Montana Specialty Mills

Montana Mills Facility Groundbreaking.jpg – Officials from Columbia Grain, Marubeni, and Montana Specialty Mills break ground on a new production facility at AgriTech Park in Great Falls, MT. Marubeni, which owns Columbia Grain, purchased one-half of Montana Specialty Mills in late December 2016. 

 

From Left to Right: Jim Larson, Chair, Cascade County Commission 

Steve Chambers, President, Montana Specialty Mills, LLC 

Mitsuru Akiyoshi, Senior Executive Vice President and CEO of Food & Consumer Products Group, Marubeni Corporation 

Jeff VanPevenage, President/CEO, Columbia Grain, Inc. 

Bob Kelly, Mayor, City of Great Falls

GREAT FALLS, Mont. – Montana Specialty Mills has broken ground on a $20 million, 20-acre processing center at the Great Falls Montana Development Authority’s AgriTech Park. The new facility will have grain processing equipment dedicated to making non-GMO and organic oil and meal from oilseeds, including canola, flax, sunflower and safflower.

Montana Specialty Mills had previously operated an oilseed crushing in Great Falls that had been in existence for more than 70 years. The move to AgriTech Park allows the company to expand both its markets and its workforce. Montana Specialty Mills currently employs 15 fulltime workers and will add 10 more when it moves into its new location by the fall of 2018.

The move is the company’s latest push to serve the growing organic food and animal feed markets. Earlier this year, the company formed a joint venture with Columbia Grain International to build the new facility.

“The expansion gives us increased capability to do finished edible oils in Great Falls so we don’t have to use third party refineries, which reduces cost in the value chain and makes us more competitive in the market,” said Steve Chambers, president and CEO of Montana Specialty Mills.

The company is banking on a couple of national trends, the first being “farm to fork traceability,” Chambers said. Montana Specialty Mills is certified by the Non-GMO Project, Quality Assurance International, a USDA-accredited organic product certifying agency.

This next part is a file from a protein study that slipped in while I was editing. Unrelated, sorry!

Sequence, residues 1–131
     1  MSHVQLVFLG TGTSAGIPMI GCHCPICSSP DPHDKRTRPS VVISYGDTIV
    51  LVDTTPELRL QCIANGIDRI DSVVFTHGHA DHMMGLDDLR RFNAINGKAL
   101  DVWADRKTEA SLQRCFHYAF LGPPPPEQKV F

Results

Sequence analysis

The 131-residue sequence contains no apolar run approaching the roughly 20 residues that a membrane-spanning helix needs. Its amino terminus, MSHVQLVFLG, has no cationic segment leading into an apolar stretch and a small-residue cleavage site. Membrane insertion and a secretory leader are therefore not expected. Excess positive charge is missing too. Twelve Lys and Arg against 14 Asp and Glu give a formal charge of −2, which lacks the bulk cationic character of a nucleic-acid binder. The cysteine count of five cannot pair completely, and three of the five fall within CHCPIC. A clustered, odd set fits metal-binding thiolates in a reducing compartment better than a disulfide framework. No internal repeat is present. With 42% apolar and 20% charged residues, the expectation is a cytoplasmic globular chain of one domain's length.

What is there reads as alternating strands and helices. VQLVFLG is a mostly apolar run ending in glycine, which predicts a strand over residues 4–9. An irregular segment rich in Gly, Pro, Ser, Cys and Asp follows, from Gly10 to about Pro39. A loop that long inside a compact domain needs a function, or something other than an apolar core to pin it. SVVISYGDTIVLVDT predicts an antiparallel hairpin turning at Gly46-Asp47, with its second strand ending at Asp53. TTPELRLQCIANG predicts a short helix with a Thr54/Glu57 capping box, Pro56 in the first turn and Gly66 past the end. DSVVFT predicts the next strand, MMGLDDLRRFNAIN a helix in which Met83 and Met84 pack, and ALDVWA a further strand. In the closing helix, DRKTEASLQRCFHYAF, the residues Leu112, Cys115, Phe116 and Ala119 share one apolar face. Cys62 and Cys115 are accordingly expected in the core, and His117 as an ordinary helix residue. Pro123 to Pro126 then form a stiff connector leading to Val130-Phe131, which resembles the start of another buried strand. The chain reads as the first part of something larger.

“Our customers want the transparency of knowing who grew it and who processed it and how it was processed,” Chambers said.

The second national trend is on-farm diversification, especially as barley acres have been drastically reduced region-wide.

“With more delivery points for non-GMO canola there will be more available acres for growers who want to expand their rotations,” said Garret Groves, a sales agronomist at Cibus Canola. “Small grain growers like to have a broadleaf crop in their rotation for soil health to mellow and potentially clean up the ground. Canola is great for winter wheat growers to seed right into the standing stubble, which holds the snow better than lentils.”

Cibus markets SU Canola hybrids, a non-transgenic crop tolerant to sulfonylurea herbicides. Cibus has seen its Montana acres more than quadruple in the past two years as growers seek a premium for their non-GMO canola, hitherto delivered to North Dakota or Washington, Groves said.

“There’s a huge demand for non-GMO oil and meal,” he said. “The cash flow is better for growers and local delivery will help with logistics.”

Harvested canola acres are expected to total 126,000 acres, up from 60,000 harvested in 2016, a new record high for both planted and harvested canola acres in Montana, according to a June report by the USDA National Agricultural Statistics Service Montana Field Office.

“Growers like options and with barley acres being cut again, canola gives a guy an option,” Groves said.

The 197-acre AgriTech Park opened in 2016 and is owned by the Great Falls Montana Development Authority, which invested more than $8 million in its construction. The economic development organization works to create high paying jobs and promote growth and diversification in the region. The public-private partnership includes a trade area of 13 counties that extends from the eastern slope of the Rockies to the Canadian border.

“Any type of agricultural processing is a triple win for the region,” said Brett Doney, president of the Great Falls Montana Development Authority. “You get the manufacturing jobs, you get the tax base and it creates market opportunities for farmers and, hopefully in the future, ranchers.”

With world commodity prices low and 85 percent of Montana’s agricultural products shipped out of state with no value added, there’s more to be done, Doney said.

“There’s nothing wrong with grain trains feeding the world,” he said. “But having a first processing operation here and then maybe down to a second and third and then finished, so much the better for Montana economy.

The park offers customized heavy industrial lots ranging in size from seven to more than 300-acres. It’s the region’s first industrial park to offer ready-to-build lots with access to utilities – water, sewage, electricity and gas – and rail. It’s also close to the Great Falls International Airport and north-south Interstate 15.

“We don’t care where a processing operation locates, but if we can use the park as a tool to attract companies to the region, it makes the region more competitive,” Doney said.

Montana Specialty Mills will be offering contracts for next year’s plantings later this year.

Find out more about The Great Falls Montana Development Authority athttp://www.gfdevelopment.org/Find out more about Montana Specialty Mills at http://www.mtspecialtymills.comContact Cibus Sales Agronomist Garret Groves directly at (701) 351-3512 or ggroves@cibus.com.

 

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